Organizations where strong process controls are ether required often have good quality controls as well. For example, municipalities require multiple inspections of construction site. The rule of thumb is that before anything is covered, it needs to be inspected.
Quality management is based on Franklin’s premise that a “stitch in time saves nine.” If we have a quality process and prevent a problem or catch it early, the cost of rework is lower. In all industries, the cost of fixing a problem increases the further from the source.
A homebuilder told me the story of a house where the bathtub drain was not connected to a discharge pipe. The problem was found when he homeowners took their first bath and had a flood in the dining room. In this case, multiple opportunities to inspect the plumbing were missed and the cost of fixing the problem far exceeded the cost of doing the job right.
In software development, the emphasis tends to be on the quality of the product. Multiple tests and levels of testing are executed to identify bugs and defects before the software is released into production. Even though the Capabilities Maturity Model (CMMI) is designed to foster process maturity, its adoption is limited with only a few thousand companies being certified.
My experience is that despite significant effort dedicated to software testing, we are not generally effective or efficient. There are multiple points of potential failure along this value chain, such as:
• Requirements and expectations are not clearly documented or are documented after development has begun;
• Organizational cultures where getting things done quickly is valued over getting them done correctly;
• Poor test planning where there is not an overall strategy, or a clear differentiation about what should be tested in each phase or cycle;
• “Happy path” testing where adverse conditions are not considered; and
• Lack of systematic test planning and execution.
These conditions would be alleviated if we heeded Franklin. Thoughtful planning, coordination, and a shifting of traditional attitudes would put the focus on prevention over production. In other words, defects would be identified and remediated close to the source. Test driven development (TDD) methodologies and practices address many of these gaps.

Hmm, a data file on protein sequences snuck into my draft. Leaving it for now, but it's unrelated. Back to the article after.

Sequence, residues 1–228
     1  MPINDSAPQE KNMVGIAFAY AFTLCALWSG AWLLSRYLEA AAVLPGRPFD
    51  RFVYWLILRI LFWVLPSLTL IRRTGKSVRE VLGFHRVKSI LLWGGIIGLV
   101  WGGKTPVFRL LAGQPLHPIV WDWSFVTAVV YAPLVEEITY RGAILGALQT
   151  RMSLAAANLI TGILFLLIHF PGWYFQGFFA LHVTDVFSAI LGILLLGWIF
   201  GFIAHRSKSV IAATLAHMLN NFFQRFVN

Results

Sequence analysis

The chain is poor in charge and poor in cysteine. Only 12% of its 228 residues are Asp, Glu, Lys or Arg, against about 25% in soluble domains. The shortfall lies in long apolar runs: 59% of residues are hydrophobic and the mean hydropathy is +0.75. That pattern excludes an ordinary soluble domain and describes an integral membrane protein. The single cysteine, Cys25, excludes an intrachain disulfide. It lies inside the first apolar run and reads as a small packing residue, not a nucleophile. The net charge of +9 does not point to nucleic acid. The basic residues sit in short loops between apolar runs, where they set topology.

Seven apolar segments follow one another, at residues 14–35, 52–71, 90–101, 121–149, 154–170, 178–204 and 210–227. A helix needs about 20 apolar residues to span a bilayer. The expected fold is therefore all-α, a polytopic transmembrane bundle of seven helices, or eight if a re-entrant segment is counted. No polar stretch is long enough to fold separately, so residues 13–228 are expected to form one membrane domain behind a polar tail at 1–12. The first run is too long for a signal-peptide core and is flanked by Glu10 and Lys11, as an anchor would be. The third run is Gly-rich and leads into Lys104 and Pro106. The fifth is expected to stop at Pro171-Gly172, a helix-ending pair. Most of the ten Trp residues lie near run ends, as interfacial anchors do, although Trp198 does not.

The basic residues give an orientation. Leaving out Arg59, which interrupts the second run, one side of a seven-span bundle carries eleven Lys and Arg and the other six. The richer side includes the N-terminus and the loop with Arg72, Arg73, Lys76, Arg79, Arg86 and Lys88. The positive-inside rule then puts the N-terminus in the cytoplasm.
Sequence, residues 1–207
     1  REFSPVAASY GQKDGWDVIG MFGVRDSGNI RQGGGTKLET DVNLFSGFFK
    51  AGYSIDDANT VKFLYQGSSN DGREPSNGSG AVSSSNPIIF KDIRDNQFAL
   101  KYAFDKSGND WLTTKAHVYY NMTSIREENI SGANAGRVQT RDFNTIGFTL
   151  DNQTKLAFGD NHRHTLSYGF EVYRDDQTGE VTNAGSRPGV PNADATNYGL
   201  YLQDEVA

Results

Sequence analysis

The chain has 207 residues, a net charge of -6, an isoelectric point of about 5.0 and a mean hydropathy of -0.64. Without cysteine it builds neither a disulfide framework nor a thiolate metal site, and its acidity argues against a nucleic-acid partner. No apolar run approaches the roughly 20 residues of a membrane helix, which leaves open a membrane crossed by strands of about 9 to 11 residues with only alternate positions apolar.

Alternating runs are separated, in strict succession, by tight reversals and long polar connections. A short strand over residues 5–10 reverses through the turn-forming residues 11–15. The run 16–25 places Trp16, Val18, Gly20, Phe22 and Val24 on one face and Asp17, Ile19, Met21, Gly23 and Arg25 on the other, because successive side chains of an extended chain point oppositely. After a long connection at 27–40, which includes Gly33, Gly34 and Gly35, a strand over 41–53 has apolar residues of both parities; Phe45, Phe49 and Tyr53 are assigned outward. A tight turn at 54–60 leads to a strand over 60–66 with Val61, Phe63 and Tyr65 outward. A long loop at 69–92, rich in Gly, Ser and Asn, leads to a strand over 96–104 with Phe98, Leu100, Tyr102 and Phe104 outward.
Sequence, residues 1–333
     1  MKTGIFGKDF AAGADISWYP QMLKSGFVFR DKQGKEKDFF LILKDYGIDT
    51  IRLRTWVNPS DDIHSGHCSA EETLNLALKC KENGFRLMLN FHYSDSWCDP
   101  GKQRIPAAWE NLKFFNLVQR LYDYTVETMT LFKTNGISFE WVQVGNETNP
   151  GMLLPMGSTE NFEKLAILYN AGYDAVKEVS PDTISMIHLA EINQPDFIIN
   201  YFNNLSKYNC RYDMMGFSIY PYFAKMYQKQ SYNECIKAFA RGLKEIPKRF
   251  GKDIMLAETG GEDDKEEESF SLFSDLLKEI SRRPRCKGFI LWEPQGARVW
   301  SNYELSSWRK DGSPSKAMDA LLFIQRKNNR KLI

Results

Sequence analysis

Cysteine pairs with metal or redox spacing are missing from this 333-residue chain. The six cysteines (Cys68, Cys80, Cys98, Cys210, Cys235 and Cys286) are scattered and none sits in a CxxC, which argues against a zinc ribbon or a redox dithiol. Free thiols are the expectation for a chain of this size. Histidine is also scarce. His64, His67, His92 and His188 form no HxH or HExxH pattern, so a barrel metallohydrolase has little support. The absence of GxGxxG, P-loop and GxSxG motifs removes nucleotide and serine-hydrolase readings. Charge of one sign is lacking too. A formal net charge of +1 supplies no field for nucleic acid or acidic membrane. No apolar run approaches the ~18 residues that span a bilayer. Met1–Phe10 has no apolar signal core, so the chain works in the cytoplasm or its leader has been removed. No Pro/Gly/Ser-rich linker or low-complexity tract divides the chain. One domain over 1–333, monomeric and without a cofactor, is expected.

Cost of Quality
The cost of quality includes three components; the cost of:
• planning testing and inspection efforts,
• executing testing, and
• the cost of poor quality or rework.
Many companies fail to appreciate the balance and trade-off between planning and the other two cost elements. History abounds with examples of companies that miscalculated the cost of poor quality which is an example of not planning thoughtfully.
In the 1970s, Ford Pintos caught on fire and explode following a rear end collision. The cost of remedying the problem was $11 per car. Takata dominated the automotive airbag market. The company produced airbags from 2002 to 2015 that could explode and injure or kill passengers. Over 35 million vehicles were recalled. And, the company went bankrupt.
Equifax’s security breach that exposed over 140 million customers personal information was preventable. The company failed to apply an available software patch.
Capers Jones has conducted invaluable research on the cost of poor quality when it comes to software development. He found that the cost of remediation a problem increases exponentially the further away from the source.
Considering the cost of poor quality at the outset of the project can compel the critical, strategic conversation about how good is “good enough”? When having these critical conversations, its important to look at the “big picture.” Ford and Takata made poor decisions when calculating their cost-benefit analysis. “An ounce of prevention” can influence life and death decisions and have implications far beyond the scope of the project.
© 2018, Alan Zucker; Project Management Essentials, LLC